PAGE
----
David Bourget (Western Ontario)
David Chalmers (ANU, NYU)
Rafael De Clercq
Ezio Di Nucci
Jack Alan Reynolds
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Family Law Journal 35:137-143 (2005)
The Mental Capacity Bill endangers the vulnerable by inviting human rights abuse. It is perhaps these grave deficiencies that prompted the warnings of the 23rd Report of the Joint Committee on Human Rights highlighting the failure of the legislation to supply adequate safeguards against Articles 2, 3 and 8 incompatibilities. Further, the fact that it is the mentally incapacitated as a class that are thought ripe for these and other kinds of intervention, highlights the Article 14 discrimination inherent in this and related legislation. The financial, medical and research interests that underpin the legislation highlight how the legilsation endangers the ulnerable. It appears to be both a responsibility shifting exercise. Most alarmingly of all, efforts to permit non-therapeutic research on the non-consenting vulnerable as well as sterilisation and abortion on those who do not consent suggest that the legislation heralds a new era o gross human rights abuse in instutions around the UK.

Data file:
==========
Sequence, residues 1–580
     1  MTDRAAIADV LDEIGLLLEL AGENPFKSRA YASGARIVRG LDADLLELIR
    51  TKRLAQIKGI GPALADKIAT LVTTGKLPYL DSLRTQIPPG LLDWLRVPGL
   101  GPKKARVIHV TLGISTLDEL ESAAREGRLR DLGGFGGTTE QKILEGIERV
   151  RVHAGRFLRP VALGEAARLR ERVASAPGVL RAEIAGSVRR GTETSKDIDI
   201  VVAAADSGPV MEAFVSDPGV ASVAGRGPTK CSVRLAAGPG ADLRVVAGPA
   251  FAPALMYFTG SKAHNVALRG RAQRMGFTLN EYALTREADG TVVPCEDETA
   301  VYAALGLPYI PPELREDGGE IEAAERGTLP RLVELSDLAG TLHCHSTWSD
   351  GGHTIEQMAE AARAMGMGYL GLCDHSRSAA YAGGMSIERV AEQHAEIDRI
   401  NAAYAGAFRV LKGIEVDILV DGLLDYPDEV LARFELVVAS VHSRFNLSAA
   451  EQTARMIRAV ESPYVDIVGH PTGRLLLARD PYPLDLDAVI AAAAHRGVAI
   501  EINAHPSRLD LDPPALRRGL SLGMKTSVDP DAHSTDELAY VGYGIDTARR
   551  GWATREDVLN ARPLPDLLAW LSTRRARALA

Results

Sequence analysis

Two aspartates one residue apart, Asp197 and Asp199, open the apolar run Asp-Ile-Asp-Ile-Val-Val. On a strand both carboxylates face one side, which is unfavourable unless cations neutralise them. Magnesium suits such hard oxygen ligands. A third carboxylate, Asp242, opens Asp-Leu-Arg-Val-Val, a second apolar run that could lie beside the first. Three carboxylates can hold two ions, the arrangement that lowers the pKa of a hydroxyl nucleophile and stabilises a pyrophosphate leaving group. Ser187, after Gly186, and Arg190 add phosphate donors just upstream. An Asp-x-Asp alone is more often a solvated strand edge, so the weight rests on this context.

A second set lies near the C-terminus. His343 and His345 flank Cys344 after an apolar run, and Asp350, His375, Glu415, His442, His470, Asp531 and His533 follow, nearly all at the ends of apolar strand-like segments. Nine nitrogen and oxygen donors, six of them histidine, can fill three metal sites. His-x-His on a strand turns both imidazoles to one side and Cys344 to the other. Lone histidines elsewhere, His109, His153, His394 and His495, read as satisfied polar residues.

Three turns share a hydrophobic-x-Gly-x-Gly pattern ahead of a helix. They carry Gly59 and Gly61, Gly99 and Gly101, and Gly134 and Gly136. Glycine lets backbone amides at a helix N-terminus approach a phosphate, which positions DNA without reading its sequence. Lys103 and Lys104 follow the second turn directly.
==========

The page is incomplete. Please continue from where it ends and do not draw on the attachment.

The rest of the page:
|Keywords||Mental Capacity Act. European Convention on Human Rights Discrimination Nuremberg Code Non therapeutic research Non consensual sterilisation|
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